Michel Vergé-Franceschi, a professor of modern history at the University of Tours and an expert on the Ancien Régime, has been honored by the Académie Française and the Academie des Sciences morales. He is the author of Colbert, la politique du bon sens (2005) and Ninon de Lenclos (2014). Anna Moretti has a Ph.D. in aesthetics from the University of Corsica, and specializes in femininity and sensuality in literature.
Monotheisms: A Pictorial Approach
François Bœspflug and Françoise Bayle
(Bayard, 254 pages, 2014)
Religions have already been deeply analyzed, though most treatments of the subject run through the same thesis and arguments in much the same manner. The three main monotheisms—Judaism, Christianity, and Islam—keep turning over the same words, pulled out of their beliefs, their worldviews, their hopes. Yet pictures can tell a great deal about religions. From this observation, François Bœspflug and Françoise Bayle have tried to define the doctrines of the three Abrahamic religions by displaying and explaining a small number of pictures. This original and undogmatic method sheds new light on these religions, giving us a never-before-seen glimpse into their foundations and their deep-seated identities.
As easy as it is to present the three Semitic religions from the standpoint of the key moments of their history, their sanctuaries, or their places of worship or pilgrimage, it is equally difficult to find the works of art or devotional paintings that will crystallize their faiths—the one taught (the doctrine) and the one lived (the religious experience). It is all the more delicate because several waves of iconoclasm have occurred over the course of history. As clearly explained and detailed in this work, some religious people adopted and still adopt a literal interpretation of the Ten Commandments, which forbid the making and worshipping of “graven images or any likeness of anything.”
Despite this, the authors have succeeded in selecting eighteen relevant pictures, six for each religion. Motivated by the will to know whether it was possible to find pictures common to the three religions, they added and analyzed two more, at the end of the book.
Properly contextualized, and described and analyzed with the utmost historical rigor, these twenty pictures provide a new way of understanding these religions. A picture has the power to educate us, to move us, and to make us remember something we would not have remembered if we had merely read it. That’s why this book is both pedagogical for people who don’t know much about religions and still riveting for those who do.
François Bœspflug is a historian of religions. He has worked for more than thirty years on an unprecedented iconographic history of religions. He has written many books about religions, including a history of God in art (Le Christ dans l’art, Bayard, 2000; Le Dieu des peintres et des sculpteurs, Hazan, 2010; Dieu et ses images: Une histoire de l’Eternel dans l’art, Bayard, 2011).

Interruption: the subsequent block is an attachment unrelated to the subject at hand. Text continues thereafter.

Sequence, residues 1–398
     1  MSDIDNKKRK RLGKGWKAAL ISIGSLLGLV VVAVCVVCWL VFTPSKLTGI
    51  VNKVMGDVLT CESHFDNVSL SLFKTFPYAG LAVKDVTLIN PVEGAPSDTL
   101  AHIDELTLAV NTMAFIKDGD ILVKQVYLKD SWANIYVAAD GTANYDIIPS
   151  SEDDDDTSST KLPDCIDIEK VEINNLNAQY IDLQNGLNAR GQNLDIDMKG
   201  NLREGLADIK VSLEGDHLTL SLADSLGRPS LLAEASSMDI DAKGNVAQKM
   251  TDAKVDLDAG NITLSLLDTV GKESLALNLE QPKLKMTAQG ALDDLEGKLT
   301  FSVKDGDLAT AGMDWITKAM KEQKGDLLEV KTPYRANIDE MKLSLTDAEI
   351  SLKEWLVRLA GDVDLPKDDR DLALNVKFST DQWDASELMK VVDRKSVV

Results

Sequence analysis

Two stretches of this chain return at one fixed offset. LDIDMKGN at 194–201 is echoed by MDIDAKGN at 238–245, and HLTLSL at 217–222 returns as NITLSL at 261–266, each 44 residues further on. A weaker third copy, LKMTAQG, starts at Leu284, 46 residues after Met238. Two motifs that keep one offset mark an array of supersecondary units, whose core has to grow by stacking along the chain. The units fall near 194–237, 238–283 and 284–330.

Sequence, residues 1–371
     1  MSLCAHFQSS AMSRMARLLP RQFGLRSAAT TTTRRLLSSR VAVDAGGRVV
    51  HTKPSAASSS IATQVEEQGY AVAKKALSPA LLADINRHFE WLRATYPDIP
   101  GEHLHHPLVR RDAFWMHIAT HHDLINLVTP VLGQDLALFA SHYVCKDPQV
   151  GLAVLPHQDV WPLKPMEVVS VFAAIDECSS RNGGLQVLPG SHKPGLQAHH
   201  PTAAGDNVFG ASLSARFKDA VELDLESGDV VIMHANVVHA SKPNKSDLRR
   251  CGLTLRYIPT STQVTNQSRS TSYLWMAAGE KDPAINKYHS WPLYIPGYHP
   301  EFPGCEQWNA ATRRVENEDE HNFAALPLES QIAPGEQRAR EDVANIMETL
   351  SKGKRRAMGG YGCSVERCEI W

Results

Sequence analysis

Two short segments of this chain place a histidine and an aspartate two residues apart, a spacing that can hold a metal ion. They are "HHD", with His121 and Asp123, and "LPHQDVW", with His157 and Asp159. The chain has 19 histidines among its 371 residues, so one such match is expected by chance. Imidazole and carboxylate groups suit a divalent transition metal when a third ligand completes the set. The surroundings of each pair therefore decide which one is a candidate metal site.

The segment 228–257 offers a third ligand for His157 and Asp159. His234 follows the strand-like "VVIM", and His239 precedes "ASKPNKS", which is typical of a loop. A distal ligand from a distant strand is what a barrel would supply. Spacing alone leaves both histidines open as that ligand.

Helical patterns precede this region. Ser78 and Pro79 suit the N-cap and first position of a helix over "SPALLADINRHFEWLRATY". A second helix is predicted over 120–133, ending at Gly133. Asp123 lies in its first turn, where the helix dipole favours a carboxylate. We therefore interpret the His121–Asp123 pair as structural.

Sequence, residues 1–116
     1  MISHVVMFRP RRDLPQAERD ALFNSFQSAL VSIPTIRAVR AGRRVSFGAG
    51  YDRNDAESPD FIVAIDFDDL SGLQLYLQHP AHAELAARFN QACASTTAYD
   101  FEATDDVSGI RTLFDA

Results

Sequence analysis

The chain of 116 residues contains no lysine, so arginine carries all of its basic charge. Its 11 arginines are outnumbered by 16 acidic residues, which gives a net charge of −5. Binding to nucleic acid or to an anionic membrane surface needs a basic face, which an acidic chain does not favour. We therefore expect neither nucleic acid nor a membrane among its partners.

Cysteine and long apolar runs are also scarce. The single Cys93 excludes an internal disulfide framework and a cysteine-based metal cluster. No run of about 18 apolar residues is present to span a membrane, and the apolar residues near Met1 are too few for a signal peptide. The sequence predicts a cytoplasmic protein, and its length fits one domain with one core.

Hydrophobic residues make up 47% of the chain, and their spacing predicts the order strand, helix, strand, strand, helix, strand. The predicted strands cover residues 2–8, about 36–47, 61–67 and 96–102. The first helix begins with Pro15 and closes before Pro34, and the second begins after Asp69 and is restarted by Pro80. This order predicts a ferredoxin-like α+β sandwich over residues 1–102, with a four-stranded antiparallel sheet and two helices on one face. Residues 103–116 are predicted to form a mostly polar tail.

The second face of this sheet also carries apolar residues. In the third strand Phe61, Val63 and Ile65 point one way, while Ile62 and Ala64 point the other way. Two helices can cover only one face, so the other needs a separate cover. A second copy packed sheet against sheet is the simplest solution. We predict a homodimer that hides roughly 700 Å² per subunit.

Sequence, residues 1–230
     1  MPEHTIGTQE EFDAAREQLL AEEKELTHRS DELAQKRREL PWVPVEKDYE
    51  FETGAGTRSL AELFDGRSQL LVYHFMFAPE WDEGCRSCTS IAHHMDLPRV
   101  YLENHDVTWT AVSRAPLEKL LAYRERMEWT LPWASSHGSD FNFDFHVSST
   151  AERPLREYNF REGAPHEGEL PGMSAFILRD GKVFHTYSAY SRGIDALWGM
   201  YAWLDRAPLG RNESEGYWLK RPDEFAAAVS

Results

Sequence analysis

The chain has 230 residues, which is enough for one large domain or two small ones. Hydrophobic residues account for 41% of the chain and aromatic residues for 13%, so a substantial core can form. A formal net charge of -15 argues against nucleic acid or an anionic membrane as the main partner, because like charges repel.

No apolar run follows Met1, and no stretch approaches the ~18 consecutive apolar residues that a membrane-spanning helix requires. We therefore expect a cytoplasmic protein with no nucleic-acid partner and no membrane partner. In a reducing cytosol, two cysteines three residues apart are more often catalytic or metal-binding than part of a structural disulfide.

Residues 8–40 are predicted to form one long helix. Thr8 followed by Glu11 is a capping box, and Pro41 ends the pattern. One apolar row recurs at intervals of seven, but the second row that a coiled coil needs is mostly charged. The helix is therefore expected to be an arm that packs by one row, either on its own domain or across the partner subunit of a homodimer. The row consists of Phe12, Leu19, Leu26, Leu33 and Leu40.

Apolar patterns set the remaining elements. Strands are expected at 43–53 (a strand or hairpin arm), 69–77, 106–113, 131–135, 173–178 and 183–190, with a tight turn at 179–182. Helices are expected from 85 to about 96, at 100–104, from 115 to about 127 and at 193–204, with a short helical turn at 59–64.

Françoise Bayle holds a graduate degree from the prestigious École du Louvre and is currently an art historian. She wrote the visitor’s guides for the Louvre and the Musée d’Orsay and has already co-authored several books about religion with François Bœspflug, including Sainte Anne: Histoire et représentations (Editions ArtLys, 2010).
The Last Days: The End of the Roman Empire
Michel De Jaeghere
(Les Belles Lettres, 656 pages, 2014)
The Roman Empire existed from 27 bce to 476 ce. The reasons for its decline are still debated today, but it is generally agreed that they were multiple. The main causes and consequences are commonly sought in the century that separates the invasion by the Goths in 376 ce and Romulus Augustus’ fall a hundred years later. Michel De Jaeghere goes deeper than others to describe this decisive century, providing us with a singular, and exciting, historical account of the fall of the Roman Empire.
In The Last Days, Michel De Jaeghere brings to life fifteen years of research to produce this unprecedented historical reconstitution of the events that brought about the fall of the Roman Empire, and their consequences. In this extraordinarily well-documented work, the author explains in revealing detail Roman society of Late Antiquity, its institutions, and its structures. He addresses each new topic in the story of Rome’s decline by reminding us of the theories held by major historians and thinkers through the centuries. Moving between description and in-depth analysis, he offers a book as enthralling as it is thought-provoking. When talking about the Barbarians, for instance, he describes the overwhelming influx of Goths into the Empire, and the numerous wars and battles at its periphery. To this he adds a reflection on the consequences of the rise of the Germanic peoples in the Roman world.
In a strong departure from accepted theory, according to De Jaeghere, Edward Gibbon was not accurate when he argued, in his Decline and Fall of the Roman Empire, that Christianity caused the collapse of the Roman Empire. He sees multiple other equally important reasons. In a crucial reflection on the greatness and limits of civilizations, De Jaeghere ends with a broader debate on the fragility of contemporary Western society, where he sees fault lines that have a historical echo.